Gay men in Chechnya are some of the most disempowered people in the world today – we can do something about that

According to a 2015 poll conducted by a Russian research organisation, 76 per cent of Russians believe that homosexuality is a disease or a form of sexual perversion that needs to be treated

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The Independent Online

According to various reports, more than 100 gay men are currently being tortured in prisons in Chechnya for their sexual orientation. Novaya Gazeta, the leading independent newspaper in Russia, which broke the news of the mass detentions, wrote that the men had been captured by the Chechen authorities and then moved to concentration-like prisons in the city of Argun. At least three are feared dead.

This led to lots of coverage internationally, and for the last two weeks the international community has been slowly waking up to the atrocities in Chechnya.

However, a quick search through the Russian news posts of the past two weeks shows almost no mentions of mass abductions of Chechen gay men. Considering that the abductions and torture continue today, it seems a very surprising search result.

Although when you think about it, not so much.

Russia’s position on LGBT rights is notorious: Human Rights Watch (HRW) repeatedly emphasises not only Russia’s systemic failure to protect the human rights of the LGBTQI population, but also its active approach towards criminalising the very existence of these people.

The last big legal push was in January of 2016, when the State Duma attempted to pass another bill banning any display of public affection among gay and lesbian people.

“It is hard to exaggerate the sinister absurdity and abusive intent of this bill – it would effectively outlaw being lesbian, gay, bisexual, or transgender (LGBT) and penalise people for expressing their identity, a crucial part of anyone’s existence,” said Tatiana Cooper of HRW.

Artyom Burkov was one of the people at the forefront of protesting the bill, mobilising more than 46,000 Russians with his online petition and successfully pushing the State Duma to abandon it. It was a step forward in the campaign against homophobic laws, but never a full victory.

According to a 2015 poll conducted by Russian research organisation, Levada Center, 76 per cent of Russians believe that homosexuality is a disease or a form of sexual perversion that needs to be treated.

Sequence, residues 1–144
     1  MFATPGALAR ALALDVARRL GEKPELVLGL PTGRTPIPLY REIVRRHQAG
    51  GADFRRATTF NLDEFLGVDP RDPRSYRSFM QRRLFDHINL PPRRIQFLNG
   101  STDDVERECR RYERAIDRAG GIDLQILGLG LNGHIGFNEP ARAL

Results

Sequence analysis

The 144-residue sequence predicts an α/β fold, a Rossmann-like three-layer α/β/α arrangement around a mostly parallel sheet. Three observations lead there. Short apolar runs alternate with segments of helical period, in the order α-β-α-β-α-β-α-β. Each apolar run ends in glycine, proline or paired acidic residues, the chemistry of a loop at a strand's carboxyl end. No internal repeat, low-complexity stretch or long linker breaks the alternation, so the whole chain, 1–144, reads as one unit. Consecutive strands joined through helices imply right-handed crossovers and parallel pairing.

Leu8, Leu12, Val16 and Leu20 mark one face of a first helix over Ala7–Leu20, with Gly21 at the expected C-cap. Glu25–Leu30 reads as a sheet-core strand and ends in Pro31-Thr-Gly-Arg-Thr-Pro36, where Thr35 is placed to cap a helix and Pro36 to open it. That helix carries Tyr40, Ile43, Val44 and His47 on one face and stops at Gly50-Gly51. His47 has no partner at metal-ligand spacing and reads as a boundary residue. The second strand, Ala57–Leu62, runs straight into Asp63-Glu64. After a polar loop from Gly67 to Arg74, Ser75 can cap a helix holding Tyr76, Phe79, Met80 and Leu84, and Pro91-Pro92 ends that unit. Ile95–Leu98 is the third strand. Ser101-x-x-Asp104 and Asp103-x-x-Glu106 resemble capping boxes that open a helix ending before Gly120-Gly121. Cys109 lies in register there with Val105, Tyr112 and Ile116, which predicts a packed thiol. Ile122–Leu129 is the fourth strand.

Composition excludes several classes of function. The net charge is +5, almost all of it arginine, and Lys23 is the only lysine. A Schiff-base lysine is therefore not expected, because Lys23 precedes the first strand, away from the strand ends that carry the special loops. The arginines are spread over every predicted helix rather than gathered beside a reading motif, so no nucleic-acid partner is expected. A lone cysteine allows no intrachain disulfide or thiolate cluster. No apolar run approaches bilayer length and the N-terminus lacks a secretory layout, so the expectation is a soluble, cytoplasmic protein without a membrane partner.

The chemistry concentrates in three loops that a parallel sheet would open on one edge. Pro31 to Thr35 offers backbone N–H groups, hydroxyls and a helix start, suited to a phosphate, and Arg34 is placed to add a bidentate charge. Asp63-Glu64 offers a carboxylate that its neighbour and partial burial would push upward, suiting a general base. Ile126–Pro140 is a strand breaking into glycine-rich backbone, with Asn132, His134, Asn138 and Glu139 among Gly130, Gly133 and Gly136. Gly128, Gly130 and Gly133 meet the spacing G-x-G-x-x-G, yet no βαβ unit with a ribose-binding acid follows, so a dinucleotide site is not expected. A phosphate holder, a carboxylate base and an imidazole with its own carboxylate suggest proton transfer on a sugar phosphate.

Meanwhile, in one of his interviews, Putin reassured the public that Russia was a safe place for LGBT people: “We don’t ban anything, we don’t grab people, we don’t have any [criminal or administrative] responsibility for these type of relations, unlike many other countries.”

Such mixed messages about the reality in Russia are not uncommon. Human rights activists, journalists and average citizens often face double standards when speaking up about economic growth, censorship and, of course, political events around Ukraine and Syria.

This is precisely why the comments of Putin’s press secretary Dmitry Peskov, who suggested that gay male detention victims should turn to Chechen courts, were more insulting to the LGBT community than helpful.

In such an environment, legal framework is, unsurprisingly, ineffective. And the events of the last two weeks show the potentially catastrophic consequences of such ineffective policies and double standards.

The situation in Chechnya has always been especially bleak. Families of victims of police abuse often do not report the abuse if it was carried out because their relative was gay (that’s if their relative is even released in the first place). They fear public humiliation and even honour killings, which are also widespread in Chechnya and often never investigated.

Gay men in Chechnya are undoubtedly the most disempowered people in Russia today. And the help of the international community is more important than ever.

That is why Igor Yasin, an LGBT activist from Russia, started his international campaign calling on the Prosecutor General to immediately investigate the mass torture of gay men in the Chechen republic. He hopes to virtually organise all 40,000 of his supporters around concrete actions and deliver a strong message to the Russian government.

Online petitions have worked in the past: 290,000 people stopped the so-called “gay panic” law in Australia, allowing attacks on LGBT people simply out of fear of being approached. Some 480,000 people pushed for Boy Scouts organisations in the US to stop denying gay youth the opportunity to join.

Yasin is hoping the same will happen in Russia. When people come together, change can be made.

Dmitry Savelau is the Russian country director for change.org

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